What is at stake with Times Square, in my view, is the transformation of a fabled place of popular culture in an age in which global entertainment conglomerates are rediscovering the value of the city and its millions of tourists for their marketing strategies.4 The Times Square redevelopment project pits those who lament the loss of an older, somehow “authentic” Times Square—whether the allegedly healthy incarnation of the 1940s or the grimy, X-rated, and decayed district of more recent vintage—against those who are open to change but unsure about what change will mean in terms of economics, traffic, ambiance, and vibrancy in this symbolic center of Manhattan.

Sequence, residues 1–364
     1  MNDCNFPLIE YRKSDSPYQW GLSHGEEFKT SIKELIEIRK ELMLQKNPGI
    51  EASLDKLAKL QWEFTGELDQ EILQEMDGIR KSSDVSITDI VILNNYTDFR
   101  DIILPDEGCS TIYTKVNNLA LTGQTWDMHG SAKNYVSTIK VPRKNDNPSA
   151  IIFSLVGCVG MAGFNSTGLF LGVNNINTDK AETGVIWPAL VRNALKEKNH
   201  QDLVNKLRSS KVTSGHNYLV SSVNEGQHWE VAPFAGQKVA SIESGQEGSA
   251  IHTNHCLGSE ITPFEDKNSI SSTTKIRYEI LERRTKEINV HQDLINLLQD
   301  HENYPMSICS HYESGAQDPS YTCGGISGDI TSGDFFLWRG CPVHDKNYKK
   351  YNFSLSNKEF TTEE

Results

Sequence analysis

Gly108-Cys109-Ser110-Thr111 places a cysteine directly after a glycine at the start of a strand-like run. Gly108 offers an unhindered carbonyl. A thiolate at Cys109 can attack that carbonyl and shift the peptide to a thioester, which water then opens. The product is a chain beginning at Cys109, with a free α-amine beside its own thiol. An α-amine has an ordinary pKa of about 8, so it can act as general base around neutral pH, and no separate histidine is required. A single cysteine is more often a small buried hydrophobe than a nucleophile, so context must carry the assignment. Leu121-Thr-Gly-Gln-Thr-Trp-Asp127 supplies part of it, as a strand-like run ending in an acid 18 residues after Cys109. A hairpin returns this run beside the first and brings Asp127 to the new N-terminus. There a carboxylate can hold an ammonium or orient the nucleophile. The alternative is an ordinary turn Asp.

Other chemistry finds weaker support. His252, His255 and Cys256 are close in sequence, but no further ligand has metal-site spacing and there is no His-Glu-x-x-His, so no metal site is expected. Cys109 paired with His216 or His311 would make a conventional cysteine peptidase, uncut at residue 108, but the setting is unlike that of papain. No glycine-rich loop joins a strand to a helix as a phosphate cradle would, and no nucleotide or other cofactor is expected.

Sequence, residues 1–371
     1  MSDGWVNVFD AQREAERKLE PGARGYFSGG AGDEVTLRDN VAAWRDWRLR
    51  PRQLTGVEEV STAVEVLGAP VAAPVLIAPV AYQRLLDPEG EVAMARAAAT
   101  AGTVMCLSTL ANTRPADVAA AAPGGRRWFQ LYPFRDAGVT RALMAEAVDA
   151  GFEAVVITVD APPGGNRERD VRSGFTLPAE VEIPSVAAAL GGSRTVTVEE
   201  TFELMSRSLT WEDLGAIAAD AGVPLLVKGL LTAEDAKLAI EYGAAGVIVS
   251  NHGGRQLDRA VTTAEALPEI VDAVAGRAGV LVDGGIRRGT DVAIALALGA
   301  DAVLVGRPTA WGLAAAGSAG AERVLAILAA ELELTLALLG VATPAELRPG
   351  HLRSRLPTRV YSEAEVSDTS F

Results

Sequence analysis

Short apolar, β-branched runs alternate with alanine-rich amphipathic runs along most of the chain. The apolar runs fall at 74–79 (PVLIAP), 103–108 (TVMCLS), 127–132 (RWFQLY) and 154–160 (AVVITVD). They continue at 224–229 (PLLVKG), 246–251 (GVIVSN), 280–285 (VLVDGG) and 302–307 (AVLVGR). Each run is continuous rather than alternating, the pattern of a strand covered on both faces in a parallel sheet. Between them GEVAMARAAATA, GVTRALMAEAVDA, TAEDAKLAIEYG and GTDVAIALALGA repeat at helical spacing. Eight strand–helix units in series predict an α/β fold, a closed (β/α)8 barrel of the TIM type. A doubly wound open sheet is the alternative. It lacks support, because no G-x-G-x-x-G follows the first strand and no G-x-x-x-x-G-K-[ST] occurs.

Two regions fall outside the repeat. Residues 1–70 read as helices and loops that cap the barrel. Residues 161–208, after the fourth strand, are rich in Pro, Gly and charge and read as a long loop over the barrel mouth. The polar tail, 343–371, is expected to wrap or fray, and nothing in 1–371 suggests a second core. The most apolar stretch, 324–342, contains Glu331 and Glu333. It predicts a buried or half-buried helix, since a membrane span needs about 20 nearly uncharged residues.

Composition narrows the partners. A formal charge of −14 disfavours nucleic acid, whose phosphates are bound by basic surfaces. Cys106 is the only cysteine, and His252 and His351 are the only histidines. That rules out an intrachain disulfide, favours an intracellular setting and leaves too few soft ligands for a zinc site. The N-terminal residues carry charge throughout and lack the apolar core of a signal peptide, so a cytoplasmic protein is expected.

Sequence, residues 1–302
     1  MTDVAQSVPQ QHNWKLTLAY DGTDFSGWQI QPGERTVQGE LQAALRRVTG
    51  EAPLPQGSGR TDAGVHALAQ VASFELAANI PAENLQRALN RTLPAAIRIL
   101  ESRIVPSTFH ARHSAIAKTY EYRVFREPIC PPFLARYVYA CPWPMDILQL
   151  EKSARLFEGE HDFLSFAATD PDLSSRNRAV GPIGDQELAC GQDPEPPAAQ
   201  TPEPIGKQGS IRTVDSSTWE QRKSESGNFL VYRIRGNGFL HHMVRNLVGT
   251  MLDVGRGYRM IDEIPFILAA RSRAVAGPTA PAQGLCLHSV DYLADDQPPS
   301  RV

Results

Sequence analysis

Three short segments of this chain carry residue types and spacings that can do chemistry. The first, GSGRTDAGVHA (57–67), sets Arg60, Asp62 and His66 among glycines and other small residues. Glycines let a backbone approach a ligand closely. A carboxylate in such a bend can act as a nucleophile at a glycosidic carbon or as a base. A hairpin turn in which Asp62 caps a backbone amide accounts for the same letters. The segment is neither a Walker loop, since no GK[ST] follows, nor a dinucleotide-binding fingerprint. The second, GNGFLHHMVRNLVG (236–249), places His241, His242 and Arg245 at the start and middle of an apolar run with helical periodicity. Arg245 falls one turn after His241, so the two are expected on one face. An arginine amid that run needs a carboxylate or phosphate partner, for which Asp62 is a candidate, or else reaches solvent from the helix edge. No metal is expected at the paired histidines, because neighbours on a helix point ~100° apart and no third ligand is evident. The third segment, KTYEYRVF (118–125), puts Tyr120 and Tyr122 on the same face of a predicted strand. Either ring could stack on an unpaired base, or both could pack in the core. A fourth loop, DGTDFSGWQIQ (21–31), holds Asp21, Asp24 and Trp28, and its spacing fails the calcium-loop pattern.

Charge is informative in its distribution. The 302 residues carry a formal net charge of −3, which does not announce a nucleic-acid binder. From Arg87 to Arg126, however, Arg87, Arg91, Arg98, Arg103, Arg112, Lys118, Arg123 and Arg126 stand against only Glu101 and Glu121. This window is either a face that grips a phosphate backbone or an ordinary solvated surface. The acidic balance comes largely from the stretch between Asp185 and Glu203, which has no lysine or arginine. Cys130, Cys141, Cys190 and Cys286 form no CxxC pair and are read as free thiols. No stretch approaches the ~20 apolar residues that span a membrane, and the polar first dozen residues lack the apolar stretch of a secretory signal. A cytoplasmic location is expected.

There will, of course, be some mall-like environments in the new Times Square, and there will be more themed restaurants and shops, but you can’t blame all that on Disney. The mall has invaded the city and it is here to stay. Walk into the Marriott Marquis (built in the Reagan age as a fortress against 42nd Street sleaze) and you will find New Jersey in New York—a wholly suburbanized urban space, complete with predictable greenery, mall-ish escalators, and inside/outside high-speed elevators that, like a vertical Garden State Parkway, transport you quickly to your destination. However, this vertical suburbia offers stunning views of the urban scene: from the eighth-floor revolving bar, one can see the panorama of Times Square, the flashing billboards, the crowds, the streams of cars and taxis, the city as artificial paradise of color, movement, and light. The provision of such a view is itself a powerful argument that the real suburbia does not completely satisfy its inhabitants, who are flocking back to the city as tourists and consumers in search of amusement.